Few photographers know what exposure value is. However, every photographer faces it constantly dealing with exposure compensation and post processing of RAW-files on computer. You can often hear the phrase “take bracketed shots at -2/0/+2EV” in conversations about HDR. But what is EV? How to calculate it and why do we really need it?
What is Exposure Value?
Exposure is the amount of light that reaches the camera sensor when shooting a single photograph. Factors that affect non-flash exposure are:
- Aperture: how large the opening into the camera is
- Shutter speed: how much time the light is allowed to enter
- ISO: the sensor sensitivity of the camera
Exposure value is the combination of these three issues. Different figures of aperture, shutter speed, and ISO can give one and the same EV value, but the images you take will differ. Your camera measures the scene in EV, than it adjusts the three above factors to make a perfect shot depending on the kind of scene.
Why do You need to Change Exposure Value Settings?
Digital cameras make mistakes despite their cost or how many different features they have. Complicated scenes can make your camera sensor perceive the light in improper ways.
If you quickly take shots without checking and adjusting ev, you will probably have many underexposed or overexposed shots. Photo processing software such as Aurora HDR will help you, but it is sometimes impossible to regain details in light and dark parts of the picture.
You have to follow certain rules when shooting high contrast scenes, especially when you do not have a tripod. Adjusting the EV setting on camera will give you the ability to shoot a white cat in a white background without making it go gray or invisible.
You will also need to set EV exposure to control the depth sharpness depending on what effect you want to reach. What is the scale for EV and how can you calculate this value? Find the answers below.
How to Calculate Exposure Value?
Explore the relation between Exposure Values, f-stops and shutter speed. Have a look at the table for choosing the right value for you. The adjustments you commonly pick up are limited by your digital cameras dynamic range and the case at hand.
What are the examples of adjusting different exposure values?
- Artificial light from ads at night 9 to 10 EV
- Artificial light from fountains or buildings at night 2 to 5 EV
- Natural light at golden hours 12 EV
- Natural light at night -2 to -11 EV
- Snowy or sandy scenes 16 EV
- Clear sunlight scenes 12 EV
- Artificial light in offices, galleries and gyms 8 to 10 EV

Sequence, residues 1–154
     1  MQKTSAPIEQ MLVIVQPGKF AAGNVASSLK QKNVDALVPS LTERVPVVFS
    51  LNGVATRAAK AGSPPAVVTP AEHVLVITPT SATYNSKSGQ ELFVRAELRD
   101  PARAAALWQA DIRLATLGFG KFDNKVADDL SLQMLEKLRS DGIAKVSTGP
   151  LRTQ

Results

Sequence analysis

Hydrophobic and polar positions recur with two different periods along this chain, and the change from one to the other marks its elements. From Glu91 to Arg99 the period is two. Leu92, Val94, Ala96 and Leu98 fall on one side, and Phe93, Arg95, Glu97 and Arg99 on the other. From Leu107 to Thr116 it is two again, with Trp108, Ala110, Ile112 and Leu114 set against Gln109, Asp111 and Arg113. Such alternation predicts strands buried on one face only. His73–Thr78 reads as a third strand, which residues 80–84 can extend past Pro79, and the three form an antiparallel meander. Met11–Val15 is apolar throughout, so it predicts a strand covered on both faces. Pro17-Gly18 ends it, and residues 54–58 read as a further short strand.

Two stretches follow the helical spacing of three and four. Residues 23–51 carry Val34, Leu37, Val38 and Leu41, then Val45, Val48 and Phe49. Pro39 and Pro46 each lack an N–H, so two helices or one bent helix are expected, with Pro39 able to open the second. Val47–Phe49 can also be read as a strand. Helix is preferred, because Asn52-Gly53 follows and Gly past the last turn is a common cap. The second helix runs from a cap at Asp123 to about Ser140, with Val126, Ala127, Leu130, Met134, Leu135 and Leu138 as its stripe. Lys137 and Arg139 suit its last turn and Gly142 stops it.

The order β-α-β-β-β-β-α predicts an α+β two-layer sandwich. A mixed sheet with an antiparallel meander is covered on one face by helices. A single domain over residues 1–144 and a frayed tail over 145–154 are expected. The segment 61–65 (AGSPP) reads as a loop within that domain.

- Interior at home or Christmas tree lights 5 EV
How to adjust your camera settings for HDR shots?
High dynamic range of a photograph indicates the difference between the lightest and the darkest parts of the scene. A single-exposure shot on current camera sensors cannot capture both bright and dark details.
Bracketing is the method we use to capture maximum details. It means taking a series of shots at 1 or 2 exposure value stops. If your camera supports auto bracketing mode, you will have to push the shutter once. For everyone who starts to learn what HDR photography is, it's critical to master the process of bracketing.
You can adjust your camera manually to -2/0/+2EV stops for taking one underexposed, one overexposed and one normal set of shots. If you shoot complicated scenes at night or on a bright sunny day, you can take up to ten shots at 1EV stop per each of them. A tripod is a valuable tool to ensure your shots remain level and motion free between each EV exposure.
HDR greatly exceeds the EV you can shoot letting you expand the dynamic range of your digital camera and precisely expose various elements of a photo without having to sacrifice details or artistic quality.
How to merge bracketed shots into a beautiful HDR photo?
Import photos from your camera onto your Mac as you usually do. You will need a specific software for merging bracketed exposures into an HDR image. Aurora HDR is one of the most popular apps, which is also available as a free demo version.
Take few steps and get the job done:
- Launch Aurora HDR and load the brackets;
- Click Create HDR.
The proprietary tone mapping algorithm makes HDR images look natural. You can find available controls for extra editing in the right sidebar. One-click presets change the effect from natural to extreme. Color, tone and contrast controls are available for selective and global editing. Get rid of noise and half-visible objects with corresponding controls.
Save, export or share your results after you finish. Keep in mind that Aurora HDR was made exclusively for Mac users. One click and the job is done.